We’ve Come a Long Way But Your iPhone Still Takes Subpar Pictures
Most Americans have smartphones by now. Whether it’s an iPhone or an Android, smartphones are pretty much essential to surviving in 2017. Battery life, operating system, durability, screen size, and ease of use are just a few things we look for when deciding what phone to get. Another major and sometimes crucial aspect of purchasing a smartphone is the camera.
The most widely used camera is an iPhone. Androids aren’t too far behind either. It goes without saying that smartphone photography is insanely popular and has definitely impacted traditional photography. iPhones and Android smartphones often take pictures that are as good if not better than pictures taken with DSLRs. Still, many users have probably noticed some flaws and drawbacks when it comes to the camera built into their phone.
Unfortunately, our phones still lack the ability to take certain photos. Here are just a few areas in which are phones still struggle to take good photos.
Product Photography, Studio Shots
No matter how hard you try to model for Instagram, your iPhone just won’t deliver the shots you’re looking for. Albeit, smartphone cameras are much better at product photography and studio shots than ever before, they still leave a lot to be desired. Why can’t you take stunning shots that belong in catalogs? Why can’t you take professional looking modeling shots?
This is definitely changing, just look at the iPhone X. For now, however, smartphone cameras like to center-weigh almost all photos. Selective focus is also pretty much non-existent. You basically can’t create a studio atmosphere when your camera weighs all things equally and fails to drain out backgrounds or the foreground. This is why many smartphones struggle to deliver quality product photography or studio shots.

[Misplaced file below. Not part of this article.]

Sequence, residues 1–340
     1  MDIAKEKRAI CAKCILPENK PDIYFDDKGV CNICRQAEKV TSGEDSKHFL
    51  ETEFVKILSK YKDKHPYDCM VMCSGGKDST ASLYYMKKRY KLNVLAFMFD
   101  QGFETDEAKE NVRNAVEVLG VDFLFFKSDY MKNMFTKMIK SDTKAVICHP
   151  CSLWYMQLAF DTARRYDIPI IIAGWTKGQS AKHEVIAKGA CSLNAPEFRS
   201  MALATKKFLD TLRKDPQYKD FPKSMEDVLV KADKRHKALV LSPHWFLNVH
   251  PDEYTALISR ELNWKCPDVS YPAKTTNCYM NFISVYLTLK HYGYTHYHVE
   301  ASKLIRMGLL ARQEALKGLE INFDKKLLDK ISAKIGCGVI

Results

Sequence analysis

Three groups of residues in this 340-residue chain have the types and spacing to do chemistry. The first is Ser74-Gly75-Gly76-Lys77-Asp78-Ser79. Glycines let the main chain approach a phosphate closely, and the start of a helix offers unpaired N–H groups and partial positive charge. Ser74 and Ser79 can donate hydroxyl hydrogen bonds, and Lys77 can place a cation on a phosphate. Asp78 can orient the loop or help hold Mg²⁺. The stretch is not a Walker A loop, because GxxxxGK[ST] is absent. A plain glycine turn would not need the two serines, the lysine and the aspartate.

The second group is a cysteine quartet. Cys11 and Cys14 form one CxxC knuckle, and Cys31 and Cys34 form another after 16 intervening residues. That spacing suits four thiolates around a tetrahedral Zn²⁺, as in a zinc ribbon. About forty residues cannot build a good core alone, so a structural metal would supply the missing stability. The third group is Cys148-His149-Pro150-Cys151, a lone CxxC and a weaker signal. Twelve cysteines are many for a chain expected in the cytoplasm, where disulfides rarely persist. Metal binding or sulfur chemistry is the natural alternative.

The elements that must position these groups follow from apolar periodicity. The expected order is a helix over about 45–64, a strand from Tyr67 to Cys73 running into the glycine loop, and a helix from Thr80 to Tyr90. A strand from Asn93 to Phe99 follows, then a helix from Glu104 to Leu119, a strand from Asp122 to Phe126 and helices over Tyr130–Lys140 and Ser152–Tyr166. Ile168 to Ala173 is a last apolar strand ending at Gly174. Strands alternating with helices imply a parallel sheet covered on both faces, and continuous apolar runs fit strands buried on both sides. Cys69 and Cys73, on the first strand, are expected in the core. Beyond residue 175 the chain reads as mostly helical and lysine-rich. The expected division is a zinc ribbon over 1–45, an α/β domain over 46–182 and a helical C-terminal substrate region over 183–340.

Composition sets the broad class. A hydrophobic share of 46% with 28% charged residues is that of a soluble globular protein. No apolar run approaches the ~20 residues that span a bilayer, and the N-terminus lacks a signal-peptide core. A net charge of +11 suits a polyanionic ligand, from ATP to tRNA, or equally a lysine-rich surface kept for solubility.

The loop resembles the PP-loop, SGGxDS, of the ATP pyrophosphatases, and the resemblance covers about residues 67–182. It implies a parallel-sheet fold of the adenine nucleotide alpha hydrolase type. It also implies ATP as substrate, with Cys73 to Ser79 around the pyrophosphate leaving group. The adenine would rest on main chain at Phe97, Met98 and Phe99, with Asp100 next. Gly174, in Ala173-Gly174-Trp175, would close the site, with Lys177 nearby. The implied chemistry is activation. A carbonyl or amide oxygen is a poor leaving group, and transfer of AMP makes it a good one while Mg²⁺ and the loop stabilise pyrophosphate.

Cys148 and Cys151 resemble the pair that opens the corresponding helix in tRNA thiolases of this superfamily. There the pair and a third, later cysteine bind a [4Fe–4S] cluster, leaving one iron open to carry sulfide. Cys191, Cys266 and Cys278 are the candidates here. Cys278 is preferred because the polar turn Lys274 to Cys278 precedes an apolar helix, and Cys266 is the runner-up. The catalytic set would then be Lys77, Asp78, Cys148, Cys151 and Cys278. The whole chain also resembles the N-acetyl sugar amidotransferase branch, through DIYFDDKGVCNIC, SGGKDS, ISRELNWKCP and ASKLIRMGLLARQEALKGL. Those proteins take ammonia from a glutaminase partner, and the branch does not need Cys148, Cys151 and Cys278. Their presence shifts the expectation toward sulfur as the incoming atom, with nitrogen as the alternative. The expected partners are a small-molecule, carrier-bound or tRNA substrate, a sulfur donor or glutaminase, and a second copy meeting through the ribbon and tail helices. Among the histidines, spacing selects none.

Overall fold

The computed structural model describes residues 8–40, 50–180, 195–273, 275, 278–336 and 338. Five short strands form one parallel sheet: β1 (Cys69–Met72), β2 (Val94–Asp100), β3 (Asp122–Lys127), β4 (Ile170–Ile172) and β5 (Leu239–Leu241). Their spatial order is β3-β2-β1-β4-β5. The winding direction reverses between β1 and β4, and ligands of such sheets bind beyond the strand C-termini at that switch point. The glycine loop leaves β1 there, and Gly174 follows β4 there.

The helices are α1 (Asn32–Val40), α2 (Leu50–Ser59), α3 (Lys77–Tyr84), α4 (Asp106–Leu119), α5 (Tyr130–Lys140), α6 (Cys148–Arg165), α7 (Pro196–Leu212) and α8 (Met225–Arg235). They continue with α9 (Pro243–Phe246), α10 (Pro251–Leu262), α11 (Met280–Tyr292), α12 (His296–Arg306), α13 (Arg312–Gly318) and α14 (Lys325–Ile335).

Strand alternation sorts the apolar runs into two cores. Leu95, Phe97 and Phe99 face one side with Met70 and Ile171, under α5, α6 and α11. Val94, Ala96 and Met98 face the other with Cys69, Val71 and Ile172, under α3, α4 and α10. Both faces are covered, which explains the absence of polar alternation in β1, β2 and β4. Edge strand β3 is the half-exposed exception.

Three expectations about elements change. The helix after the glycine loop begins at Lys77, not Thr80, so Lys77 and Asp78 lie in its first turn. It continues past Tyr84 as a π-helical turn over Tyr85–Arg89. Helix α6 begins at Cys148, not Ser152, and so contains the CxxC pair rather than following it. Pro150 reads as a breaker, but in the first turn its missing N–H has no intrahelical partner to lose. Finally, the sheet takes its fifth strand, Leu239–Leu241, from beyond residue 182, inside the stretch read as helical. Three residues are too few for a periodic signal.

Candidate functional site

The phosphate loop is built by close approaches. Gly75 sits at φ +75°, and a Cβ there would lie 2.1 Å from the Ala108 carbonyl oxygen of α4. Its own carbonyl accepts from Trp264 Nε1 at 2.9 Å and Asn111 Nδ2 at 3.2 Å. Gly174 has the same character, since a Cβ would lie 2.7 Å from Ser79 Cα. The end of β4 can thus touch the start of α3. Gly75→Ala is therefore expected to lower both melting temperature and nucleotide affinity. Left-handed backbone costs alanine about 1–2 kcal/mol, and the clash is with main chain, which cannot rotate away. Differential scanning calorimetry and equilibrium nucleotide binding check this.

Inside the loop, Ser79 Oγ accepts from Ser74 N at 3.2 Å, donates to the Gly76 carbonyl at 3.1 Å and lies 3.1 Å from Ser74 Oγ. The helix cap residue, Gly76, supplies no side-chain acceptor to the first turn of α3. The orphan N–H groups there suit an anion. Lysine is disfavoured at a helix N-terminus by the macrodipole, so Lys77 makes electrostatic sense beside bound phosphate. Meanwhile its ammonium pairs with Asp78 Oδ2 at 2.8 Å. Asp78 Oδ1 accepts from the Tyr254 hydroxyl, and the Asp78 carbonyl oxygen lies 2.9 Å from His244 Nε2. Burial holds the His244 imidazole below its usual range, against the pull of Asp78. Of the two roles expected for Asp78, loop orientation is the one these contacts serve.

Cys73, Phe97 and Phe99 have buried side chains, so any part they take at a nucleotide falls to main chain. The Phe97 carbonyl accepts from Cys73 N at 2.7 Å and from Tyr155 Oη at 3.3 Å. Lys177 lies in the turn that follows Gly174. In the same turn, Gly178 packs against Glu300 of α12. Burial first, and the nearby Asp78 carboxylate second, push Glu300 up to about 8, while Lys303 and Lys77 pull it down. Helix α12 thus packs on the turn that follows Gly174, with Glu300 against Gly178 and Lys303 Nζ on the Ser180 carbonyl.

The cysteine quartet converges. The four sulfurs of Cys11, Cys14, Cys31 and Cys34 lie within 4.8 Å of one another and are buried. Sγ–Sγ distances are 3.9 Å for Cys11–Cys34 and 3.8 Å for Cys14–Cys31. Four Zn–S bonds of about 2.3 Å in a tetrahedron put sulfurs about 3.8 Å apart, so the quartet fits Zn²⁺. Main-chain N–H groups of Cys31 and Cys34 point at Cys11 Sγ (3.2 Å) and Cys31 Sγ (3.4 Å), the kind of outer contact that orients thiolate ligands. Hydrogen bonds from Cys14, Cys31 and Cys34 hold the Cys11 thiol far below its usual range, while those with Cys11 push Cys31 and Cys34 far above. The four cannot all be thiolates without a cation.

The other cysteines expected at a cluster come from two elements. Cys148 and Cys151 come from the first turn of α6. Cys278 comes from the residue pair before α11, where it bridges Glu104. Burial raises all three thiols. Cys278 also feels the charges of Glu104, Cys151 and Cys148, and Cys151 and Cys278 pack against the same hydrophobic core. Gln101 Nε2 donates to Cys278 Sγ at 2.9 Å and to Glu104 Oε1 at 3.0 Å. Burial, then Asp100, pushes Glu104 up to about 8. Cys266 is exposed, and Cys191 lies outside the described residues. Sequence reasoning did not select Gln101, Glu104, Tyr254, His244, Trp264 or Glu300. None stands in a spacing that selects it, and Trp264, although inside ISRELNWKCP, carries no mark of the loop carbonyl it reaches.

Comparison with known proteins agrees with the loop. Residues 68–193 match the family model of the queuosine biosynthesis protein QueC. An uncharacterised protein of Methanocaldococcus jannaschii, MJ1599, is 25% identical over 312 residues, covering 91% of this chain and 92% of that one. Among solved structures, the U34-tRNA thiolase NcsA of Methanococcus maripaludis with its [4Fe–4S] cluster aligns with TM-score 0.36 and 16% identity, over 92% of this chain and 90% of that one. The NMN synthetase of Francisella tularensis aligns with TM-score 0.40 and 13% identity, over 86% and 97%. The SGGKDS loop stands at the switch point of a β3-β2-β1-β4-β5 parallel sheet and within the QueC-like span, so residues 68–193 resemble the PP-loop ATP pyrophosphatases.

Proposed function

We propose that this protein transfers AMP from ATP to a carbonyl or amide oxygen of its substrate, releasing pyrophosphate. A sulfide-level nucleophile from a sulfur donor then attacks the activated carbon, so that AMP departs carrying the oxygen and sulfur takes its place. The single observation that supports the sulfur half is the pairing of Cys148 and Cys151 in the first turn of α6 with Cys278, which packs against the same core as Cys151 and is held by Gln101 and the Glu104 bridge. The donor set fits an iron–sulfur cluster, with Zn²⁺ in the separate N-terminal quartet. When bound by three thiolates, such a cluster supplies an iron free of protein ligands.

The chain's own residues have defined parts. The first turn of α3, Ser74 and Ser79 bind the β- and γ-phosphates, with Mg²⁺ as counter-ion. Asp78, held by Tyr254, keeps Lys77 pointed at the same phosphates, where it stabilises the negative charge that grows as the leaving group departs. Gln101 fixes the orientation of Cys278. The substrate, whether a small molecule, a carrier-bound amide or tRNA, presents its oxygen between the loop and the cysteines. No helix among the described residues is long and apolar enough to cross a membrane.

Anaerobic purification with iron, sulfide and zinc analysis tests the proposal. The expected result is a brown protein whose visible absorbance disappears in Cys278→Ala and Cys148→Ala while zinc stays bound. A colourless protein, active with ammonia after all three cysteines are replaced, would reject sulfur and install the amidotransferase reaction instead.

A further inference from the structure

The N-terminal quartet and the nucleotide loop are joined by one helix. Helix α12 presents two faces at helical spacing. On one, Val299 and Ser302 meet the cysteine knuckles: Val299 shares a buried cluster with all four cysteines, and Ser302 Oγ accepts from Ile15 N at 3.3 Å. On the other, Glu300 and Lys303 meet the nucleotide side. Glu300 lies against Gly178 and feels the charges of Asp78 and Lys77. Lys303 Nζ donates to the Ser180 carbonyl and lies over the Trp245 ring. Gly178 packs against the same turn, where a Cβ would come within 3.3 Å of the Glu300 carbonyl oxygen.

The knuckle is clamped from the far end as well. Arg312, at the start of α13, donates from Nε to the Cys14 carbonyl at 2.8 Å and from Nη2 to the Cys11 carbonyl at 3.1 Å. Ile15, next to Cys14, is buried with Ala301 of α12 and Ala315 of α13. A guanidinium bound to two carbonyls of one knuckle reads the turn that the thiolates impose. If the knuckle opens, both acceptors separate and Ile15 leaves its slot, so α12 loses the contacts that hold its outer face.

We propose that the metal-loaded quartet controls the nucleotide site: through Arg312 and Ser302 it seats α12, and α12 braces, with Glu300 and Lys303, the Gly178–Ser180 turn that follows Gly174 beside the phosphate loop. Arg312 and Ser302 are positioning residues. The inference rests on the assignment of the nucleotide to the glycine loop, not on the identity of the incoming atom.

I’m sure we’ve all struggled to get good pictures of a skyline at night or pictures with friends outside of a concert venue in the middle of the night. No matter how much we try, our phones fail to take clear and focused low-light photos. Most low-light photos appear noisy and fail to capture detail. Again, this is changing but we’re still a long way from major change.
Smartphone cameras aren’t sensitive and complex enough to capture the amount of light required to take a good low-light photo. Additionally, some features such as stabilization and night-mode actually do more harm than good causing the photo to appear especially grainy or noisy.
No Control Over The Shutter Speed or Aperture
This is one reason you can’t get studio quality shots or capture low-light photography, you don’t have access to the most important settings, including shutter speed and aperture. Again, smartphone cameras have lacked the complexity required to control these settings. Apple has been especially guilty when it comes to restricting what users can do with the built-in camera.
This is also changing but much slower than other issues. Some users might not want to have to alter settings after every shot keeping phone manufactures on the fence about making the built-in camera more complex.